My weekend at the London Film Festival – part 1

I haven’t written anything on Jacobthehobnob since March of this year; please do feel at liberty to conclude that I am the worst blogger in the world. As the growing difficulty of my schoolwork and the pressure of university application took their toll over this summer, I found it increasingly difficult to keep up with the world of film and to interact with it through writing. However, having finally sent off my application to read History at several UK universities, I feel that there is really no excuse not to contribute at least something to one of my most anticipated events of the year  – the BFI London Film Festival.

This is my second year attending, and if any of the five universities I’ve applied to go against their better judgement and offer me a place, it may be the last until I finish my degree. Last year I gained a very powerful impression of the atmosphere of a festival that is quite often absent from the general cinema visit. Every audience member, no matter the screening, cares deeply about film – most of them even more than I do. Much of this is evidenced in the general audience behaviour (mostly impeccable – no mobile phones). But it is also seen in the excited film discussions that reverberate around cinema walls before starting time, and in the frequent rounds of applause following the end credits. It is truly unique and only adds to the thrill of seeing new pieces of cinema before they are put on general release.

Computer Chess 11/10/13

Computer chess
Computer Chess

My weekend at the festival kicked off with a small independent film called Computer Chess that I saw at the ICA. Described affectionately by its director Andrew Bujalski as a  ‘period piece’, it takes place in the 1980s at a small tournament for chess software programmers. Over the course of a weekend the physically unremarkable contestants play their software against each other, chat philosophically about the future of computers, and possibly find love. Computer Chess is a real oddity, a film that straddles the genres of comedy, romance, mumblecore, and existential drama. One of its most impressive aspects is its quasi-documentary aesthetic; the film was shot on a clunky Sony camera that actually came from the period, giving a hazy, amateurish, televisual feel to the whole thing. It truly feels like a product of the time in which it is set. While not consistently comedic, I thought the film certainly had its moments, partly thanks to the performance of Patrick Riester as an introverted, expressionless young programmer. Riester comes into contact with the only girl in the competition and yet is unable to convey any feelings towards her; elsewhere, his encounter with a sexually indulgent older couple in the same hotel he is staying in is hilarious beyond recognition. Yet amongst the comedy there is a very experimental intention. The cinematography is the most obvious demonstration of this, with the picture inexplicably morphing into colour for a particular scene. But the director’s refusal make the viewing experience easy or conventional – there are plenty of open ends and unexplained phenomena – is incredibly bold and yet another example of what makes independent film so liberating and exciting.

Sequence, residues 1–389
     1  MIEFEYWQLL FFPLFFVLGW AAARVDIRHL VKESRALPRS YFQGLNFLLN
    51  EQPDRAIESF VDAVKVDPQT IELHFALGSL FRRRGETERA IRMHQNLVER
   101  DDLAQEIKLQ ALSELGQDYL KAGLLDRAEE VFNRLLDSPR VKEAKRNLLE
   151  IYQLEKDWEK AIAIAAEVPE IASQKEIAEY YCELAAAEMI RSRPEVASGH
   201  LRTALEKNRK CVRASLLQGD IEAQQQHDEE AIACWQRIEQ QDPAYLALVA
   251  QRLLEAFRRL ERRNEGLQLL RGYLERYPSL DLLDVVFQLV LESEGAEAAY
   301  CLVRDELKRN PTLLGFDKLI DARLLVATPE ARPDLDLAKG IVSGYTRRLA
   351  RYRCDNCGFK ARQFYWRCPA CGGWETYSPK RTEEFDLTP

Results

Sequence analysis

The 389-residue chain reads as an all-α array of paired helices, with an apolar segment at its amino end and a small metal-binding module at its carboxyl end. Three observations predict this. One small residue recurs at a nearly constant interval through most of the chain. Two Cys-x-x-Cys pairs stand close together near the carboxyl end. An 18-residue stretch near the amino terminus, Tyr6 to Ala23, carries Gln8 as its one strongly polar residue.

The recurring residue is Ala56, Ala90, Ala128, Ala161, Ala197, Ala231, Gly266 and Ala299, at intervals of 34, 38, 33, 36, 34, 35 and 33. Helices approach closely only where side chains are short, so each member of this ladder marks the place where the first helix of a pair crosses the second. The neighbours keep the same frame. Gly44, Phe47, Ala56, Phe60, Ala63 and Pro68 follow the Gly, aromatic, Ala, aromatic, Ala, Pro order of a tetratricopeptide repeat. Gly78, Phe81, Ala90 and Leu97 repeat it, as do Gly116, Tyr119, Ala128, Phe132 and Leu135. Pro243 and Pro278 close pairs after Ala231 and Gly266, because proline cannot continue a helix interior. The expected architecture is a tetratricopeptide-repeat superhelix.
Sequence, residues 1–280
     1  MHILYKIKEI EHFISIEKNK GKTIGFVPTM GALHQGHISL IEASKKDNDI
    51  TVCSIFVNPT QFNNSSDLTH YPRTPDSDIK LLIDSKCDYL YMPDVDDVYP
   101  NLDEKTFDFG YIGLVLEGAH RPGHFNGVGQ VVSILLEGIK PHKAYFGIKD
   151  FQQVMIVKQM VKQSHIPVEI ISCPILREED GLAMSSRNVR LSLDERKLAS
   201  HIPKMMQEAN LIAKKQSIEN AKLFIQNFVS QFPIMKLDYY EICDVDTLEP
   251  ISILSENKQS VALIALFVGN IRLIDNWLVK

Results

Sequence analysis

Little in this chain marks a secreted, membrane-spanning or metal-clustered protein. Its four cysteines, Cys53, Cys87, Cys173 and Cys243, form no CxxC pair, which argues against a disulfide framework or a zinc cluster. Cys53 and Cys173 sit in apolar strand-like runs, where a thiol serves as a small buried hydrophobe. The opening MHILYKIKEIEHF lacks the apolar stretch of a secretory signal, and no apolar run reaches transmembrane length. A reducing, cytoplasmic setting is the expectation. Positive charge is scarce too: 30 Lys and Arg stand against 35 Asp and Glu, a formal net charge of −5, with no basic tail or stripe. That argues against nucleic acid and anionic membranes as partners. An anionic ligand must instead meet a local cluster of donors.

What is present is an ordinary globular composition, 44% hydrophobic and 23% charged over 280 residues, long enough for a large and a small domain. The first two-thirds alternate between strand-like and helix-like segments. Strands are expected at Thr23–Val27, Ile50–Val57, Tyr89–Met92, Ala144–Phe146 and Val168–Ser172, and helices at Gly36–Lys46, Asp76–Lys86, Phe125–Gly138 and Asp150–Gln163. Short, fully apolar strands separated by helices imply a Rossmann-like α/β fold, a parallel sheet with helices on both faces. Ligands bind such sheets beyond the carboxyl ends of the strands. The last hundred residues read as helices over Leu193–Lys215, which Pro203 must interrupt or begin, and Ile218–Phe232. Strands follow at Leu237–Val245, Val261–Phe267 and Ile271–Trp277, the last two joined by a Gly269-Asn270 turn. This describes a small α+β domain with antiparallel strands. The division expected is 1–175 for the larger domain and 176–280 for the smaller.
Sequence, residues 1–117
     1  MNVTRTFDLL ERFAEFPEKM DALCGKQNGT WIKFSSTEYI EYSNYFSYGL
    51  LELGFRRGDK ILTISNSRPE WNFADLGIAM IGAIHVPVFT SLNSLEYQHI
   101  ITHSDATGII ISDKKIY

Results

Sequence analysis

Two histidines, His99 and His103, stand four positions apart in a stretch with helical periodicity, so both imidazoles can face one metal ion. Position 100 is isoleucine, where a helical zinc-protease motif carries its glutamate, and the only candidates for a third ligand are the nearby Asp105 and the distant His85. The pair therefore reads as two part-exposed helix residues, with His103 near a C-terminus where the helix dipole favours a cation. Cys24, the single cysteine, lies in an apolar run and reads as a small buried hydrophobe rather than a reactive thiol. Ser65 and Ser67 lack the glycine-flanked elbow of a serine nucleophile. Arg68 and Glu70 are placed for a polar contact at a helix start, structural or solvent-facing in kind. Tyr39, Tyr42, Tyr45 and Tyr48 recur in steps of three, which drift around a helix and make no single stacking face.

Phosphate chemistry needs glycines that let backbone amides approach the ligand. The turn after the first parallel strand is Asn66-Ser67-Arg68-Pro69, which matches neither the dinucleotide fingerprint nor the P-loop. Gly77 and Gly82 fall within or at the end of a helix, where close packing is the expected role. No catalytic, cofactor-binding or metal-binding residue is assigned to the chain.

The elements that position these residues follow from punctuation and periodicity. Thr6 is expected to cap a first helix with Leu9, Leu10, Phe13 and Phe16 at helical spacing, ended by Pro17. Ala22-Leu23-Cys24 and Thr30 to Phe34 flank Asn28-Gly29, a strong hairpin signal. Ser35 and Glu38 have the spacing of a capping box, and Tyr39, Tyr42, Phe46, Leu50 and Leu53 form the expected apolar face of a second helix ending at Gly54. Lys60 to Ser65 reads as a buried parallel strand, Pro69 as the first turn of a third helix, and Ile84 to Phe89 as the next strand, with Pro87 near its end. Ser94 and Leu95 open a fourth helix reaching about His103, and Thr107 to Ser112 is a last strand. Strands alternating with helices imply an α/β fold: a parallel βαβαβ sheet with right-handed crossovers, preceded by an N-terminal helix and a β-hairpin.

Patrick Riester in Computer Chess
Patrick Riester in Computer Chess